Here’s today’s wacky bit of automotive news: a waste byproduct from assembly of the 2015 Chevrolet Corvette Stingray is actually being strongly considered for use in making artificial bat caves.
It’s a type of adhesive material, used for gluing various Corvette body parts together. The robotic applicators which apply the gunk have to purge their nozzles regularly to avoid buildup, and it just so happens that when they do, the processed stuff already comes out strongly resembling a cave stalactite.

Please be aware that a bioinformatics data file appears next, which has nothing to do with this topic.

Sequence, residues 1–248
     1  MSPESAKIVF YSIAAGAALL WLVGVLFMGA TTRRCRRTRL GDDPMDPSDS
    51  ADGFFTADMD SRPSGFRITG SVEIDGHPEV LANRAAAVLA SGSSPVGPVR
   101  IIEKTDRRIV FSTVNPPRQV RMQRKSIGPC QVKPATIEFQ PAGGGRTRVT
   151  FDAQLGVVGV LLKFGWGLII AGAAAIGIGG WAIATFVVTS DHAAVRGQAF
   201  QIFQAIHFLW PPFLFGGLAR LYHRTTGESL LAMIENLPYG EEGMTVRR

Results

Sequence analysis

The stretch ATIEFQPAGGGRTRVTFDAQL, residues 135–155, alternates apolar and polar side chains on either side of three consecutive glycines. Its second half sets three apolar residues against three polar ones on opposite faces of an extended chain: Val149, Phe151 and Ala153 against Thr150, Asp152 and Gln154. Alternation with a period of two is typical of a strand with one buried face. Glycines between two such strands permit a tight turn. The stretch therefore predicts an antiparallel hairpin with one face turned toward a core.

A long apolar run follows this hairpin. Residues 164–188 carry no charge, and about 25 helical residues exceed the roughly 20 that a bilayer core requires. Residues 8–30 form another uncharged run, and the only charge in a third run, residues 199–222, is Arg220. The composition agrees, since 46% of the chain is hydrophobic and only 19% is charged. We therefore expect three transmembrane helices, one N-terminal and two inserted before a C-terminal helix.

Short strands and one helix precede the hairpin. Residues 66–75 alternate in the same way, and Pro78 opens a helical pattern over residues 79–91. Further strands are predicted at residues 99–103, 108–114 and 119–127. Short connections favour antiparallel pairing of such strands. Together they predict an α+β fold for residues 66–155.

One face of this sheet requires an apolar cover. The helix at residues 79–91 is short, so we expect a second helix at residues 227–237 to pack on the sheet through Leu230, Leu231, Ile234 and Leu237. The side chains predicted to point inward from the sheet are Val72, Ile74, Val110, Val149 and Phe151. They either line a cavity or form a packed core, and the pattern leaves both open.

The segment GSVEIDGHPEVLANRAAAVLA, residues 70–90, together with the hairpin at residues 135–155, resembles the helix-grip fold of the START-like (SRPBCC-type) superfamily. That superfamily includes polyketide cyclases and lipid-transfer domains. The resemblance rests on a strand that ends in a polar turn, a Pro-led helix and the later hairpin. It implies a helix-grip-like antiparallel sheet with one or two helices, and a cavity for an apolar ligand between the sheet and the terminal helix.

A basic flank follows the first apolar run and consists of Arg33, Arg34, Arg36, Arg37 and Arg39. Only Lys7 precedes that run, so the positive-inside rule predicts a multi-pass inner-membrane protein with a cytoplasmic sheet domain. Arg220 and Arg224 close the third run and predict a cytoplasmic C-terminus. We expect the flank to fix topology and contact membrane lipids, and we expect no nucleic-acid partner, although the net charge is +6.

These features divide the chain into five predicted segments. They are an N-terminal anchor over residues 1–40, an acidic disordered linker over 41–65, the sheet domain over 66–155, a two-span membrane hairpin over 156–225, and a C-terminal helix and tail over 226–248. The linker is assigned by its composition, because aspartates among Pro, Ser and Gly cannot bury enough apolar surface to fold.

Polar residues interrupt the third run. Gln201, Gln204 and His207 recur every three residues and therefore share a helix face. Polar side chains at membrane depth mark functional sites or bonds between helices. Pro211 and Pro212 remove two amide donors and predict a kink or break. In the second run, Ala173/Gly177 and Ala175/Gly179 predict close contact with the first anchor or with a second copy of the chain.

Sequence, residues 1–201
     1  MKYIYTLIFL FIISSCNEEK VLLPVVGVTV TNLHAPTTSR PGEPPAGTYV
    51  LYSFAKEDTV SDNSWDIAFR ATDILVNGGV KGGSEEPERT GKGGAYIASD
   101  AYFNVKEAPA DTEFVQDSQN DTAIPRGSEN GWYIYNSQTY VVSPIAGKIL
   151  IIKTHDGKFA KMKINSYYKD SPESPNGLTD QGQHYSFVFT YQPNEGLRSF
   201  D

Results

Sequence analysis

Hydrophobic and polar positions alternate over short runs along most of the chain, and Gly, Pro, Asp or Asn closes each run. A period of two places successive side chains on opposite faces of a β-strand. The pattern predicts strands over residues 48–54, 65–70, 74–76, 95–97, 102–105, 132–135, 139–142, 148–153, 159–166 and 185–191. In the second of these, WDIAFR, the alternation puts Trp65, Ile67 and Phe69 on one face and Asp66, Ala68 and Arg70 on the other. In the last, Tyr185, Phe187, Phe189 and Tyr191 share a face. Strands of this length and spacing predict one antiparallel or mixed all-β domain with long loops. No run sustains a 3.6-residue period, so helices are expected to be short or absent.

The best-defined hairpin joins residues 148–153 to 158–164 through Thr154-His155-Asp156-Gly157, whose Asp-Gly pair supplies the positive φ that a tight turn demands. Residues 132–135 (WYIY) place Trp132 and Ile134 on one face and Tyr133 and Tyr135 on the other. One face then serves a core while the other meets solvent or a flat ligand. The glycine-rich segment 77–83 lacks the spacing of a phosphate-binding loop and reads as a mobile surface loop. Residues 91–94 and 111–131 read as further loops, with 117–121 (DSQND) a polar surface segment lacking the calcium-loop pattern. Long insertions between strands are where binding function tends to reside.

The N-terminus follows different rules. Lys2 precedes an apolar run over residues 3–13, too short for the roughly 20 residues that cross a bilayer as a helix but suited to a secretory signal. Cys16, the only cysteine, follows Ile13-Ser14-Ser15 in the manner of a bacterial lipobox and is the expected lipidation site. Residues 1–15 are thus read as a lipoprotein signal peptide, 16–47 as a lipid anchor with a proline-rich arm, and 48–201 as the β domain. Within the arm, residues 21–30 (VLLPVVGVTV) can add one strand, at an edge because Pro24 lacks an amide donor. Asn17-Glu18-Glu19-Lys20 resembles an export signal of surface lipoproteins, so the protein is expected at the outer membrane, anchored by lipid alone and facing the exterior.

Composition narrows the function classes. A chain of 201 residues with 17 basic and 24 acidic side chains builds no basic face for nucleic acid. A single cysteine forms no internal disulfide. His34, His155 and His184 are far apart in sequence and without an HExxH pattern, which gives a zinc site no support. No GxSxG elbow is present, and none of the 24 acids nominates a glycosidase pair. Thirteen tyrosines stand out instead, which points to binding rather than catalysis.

And you know how General Motors loves synergy; scrap battery covers from the Chevrolet Volt are already in use as functional bat houses. (When does the bat house become a bat home?)
Bat conservation organizations are already reviewing the Corvette adhesive material for its viability, but a General Motors press release suggests that the artificial bat caves and bat homes could help to mitigate the effects of “white-nose syndrome,” the result of a fungus that collects around the noses of bats and many times leads to death.
The artificial bat caves could potentially give bats more area to spread out, thus limiting the fungus’ spread.